When Don Tapscott’s The Digital Economy: Promise and Peril in the Age of the Networked Economy was published in 1994, travel website Expedia was just a skunkworks project within Microsoft. Twenty years later, the company is the perfect example of a phenomenon that Tapscott detailed in his book: the disappearance of the “agent” class.
Disintermediation cut out the middle man in industries where the Internet could allow service providers and consumers to deal with each other directly. Tapscott reflected on how this dynamic has played out over the last 20 years in a talk earlier this week titled “The Digital Economy—A 20 Year Retrospective and Perspectives for the Future” as part of the Big Ideas Speaker Series at the University of Toronto’s Rotman School of Management.
“You have the word ‘agent’ in your job title? You’re going to have to create new value, or you go away,” says Tapscott, who is an adjunct professor of management at Rotman. “And we saw that, of course—all the travel companies that we deal with today, none of them existed back then.”
The companies that booked tours and flights, arranged hotel rooms, and issued travellers’ cheques are now gone, or relegated to being niche players in the travel business. Industry giants like Thomson sold their travel holdings or pivoted into the guided tour space. Websites that aggregate quotes from multiple airlines and providers now dominate the travel business.
One sector that has seen old middlemen rendered obsolete only to have a new class arise is the private investments industry. Tapscott points to funds with low fees that track stocks algorithmically rather than trying to beat the market using human investment managers’ wiles as a case of the first. At the same time, “there are all kinds of other institutions that have been very successful creating these wealth management services, where they help you figure out not just your investments but also all the other financial services that you have.”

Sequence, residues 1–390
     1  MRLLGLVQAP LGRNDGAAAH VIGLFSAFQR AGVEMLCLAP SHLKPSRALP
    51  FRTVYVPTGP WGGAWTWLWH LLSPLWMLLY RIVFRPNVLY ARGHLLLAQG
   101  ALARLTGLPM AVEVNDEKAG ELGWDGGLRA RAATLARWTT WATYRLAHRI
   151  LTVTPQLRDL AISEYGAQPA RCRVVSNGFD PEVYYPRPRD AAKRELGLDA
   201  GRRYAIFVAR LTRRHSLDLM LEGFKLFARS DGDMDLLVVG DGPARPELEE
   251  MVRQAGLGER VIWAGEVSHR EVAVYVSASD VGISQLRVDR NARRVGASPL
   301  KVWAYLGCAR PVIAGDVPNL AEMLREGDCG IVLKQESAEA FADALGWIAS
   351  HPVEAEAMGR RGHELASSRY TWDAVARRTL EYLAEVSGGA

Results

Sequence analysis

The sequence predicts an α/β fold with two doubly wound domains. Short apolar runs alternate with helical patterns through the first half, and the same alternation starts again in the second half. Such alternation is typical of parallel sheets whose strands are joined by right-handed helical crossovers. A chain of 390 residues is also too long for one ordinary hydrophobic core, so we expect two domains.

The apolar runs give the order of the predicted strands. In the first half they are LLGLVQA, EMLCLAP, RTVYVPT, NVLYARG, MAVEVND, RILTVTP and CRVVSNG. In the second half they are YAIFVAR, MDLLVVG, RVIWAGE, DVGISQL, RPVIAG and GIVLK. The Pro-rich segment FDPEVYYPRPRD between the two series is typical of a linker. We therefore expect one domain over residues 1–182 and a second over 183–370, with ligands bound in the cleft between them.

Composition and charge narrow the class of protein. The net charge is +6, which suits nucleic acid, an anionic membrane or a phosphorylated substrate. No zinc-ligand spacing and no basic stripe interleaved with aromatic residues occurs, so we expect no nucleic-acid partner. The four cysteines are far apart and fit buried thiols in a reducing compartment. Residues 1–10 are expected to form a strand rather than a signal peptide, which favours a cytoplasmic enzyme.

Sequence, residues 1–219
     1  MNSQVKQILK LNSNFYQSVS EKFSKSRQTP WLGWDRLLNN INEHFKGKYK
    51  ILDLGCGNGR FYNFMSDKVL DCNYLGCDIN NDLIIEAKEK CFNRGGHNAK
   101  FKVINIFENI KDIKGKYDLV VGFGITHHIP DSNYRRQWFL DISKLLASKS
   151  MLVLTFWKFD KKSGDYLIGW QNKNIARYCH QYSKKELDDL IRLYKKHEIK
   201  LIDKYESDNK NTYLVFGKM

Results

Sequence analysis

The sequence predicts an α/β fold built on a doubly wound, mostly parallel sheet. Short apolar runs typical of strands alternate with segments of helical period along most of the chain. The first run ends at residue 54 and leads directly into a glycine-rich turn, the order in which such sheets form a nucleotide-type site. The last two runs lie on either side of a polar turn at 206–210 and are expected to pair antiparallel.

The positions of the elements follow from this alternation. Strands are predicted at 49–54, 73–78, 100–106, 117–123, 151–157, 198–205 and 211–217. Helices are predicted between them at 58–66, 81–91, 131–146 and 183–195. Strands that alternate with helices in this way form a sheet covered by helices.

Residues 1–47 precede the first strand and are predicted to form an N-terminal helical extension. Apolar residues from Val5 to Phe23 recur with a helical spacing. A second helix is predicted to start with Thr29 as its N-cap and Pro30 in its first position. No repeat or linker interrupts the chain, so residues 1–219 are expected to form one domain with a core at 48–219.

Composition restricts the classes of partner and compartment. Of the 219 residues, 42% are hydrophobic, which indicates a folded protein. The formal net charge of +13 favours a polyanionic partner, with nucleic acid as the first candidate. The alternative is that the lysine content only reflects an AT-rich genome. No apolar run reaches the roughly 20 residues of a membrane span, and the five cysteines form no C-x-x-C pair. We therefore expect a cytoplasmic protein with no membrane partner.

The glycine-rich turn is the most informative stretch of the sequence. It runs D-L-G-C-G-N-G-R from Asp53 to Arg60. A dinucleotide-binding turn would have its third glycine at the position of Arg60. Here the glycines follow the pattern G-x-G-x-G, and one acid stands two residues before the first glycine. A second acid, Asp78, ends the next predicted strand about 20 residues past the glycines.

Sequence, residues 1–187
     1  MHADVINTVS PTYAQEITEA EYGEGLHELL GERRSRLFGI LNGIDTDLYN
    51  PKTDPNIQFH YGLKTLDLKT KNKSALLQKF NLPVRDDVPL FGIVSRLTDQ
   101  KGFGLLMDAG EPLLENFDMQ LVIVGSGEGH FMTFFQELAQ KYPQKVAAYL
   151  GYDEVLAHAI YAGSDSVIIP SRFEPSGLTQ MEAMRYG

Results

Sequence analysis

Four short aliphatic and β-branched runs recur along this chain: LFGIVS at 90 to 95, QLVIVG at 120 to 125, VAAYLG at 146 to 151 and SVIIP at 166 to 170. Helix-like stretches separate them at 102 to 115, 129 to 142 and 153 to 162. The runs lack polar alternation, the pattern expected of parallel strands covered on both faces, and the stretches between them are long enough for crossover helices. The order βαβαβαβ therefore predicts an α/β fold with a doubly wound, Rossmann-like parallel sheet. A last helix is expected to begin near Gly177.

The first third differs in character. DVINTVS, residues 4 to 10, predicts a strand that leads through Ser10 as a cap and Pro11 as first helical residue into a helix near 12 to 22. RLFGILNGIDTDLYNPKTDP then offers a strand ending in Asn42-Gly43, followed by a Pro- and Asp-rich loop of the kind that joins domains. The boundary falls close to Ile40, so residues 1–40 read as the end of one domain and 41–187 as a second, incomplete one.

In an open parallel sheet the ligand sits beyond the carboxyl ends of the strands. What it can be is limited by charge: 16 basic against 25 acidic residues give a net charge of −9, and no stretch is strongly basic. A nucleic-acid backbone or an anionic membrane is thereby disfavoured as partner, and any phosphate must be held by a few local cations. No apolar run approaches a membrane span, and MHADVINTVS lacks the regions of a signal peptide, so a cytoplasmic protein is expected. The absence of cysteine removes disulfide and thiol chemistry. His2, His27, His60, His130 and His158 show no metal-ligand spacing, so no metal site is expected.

The Internet presents challenges for companies around issues like trust and identity—determining that a person with whom you are transacting is indeed who they say they are requires some kind of independent verification. “So we have trusted third-parties—banks, PayPal, Apple now is getting into that whole thing,” observes Tapscott, speaking at an event marking the launch of the 20th anniversary edition of his book, held at the Rotman School earlier this month. Developments like Bitcoin, however, could fix this problem of trust by enabling true peer-to-peer transactions that are verified by the technology itself rather than an independent entity.
But there is still room in the digital economy for intermediaries. “The opportunities to create new value in the middle can be as big as the old middle,” Tapscott says. “I’m not convinced that everybody is going to be wiped out. If you can create new value you can succeed.”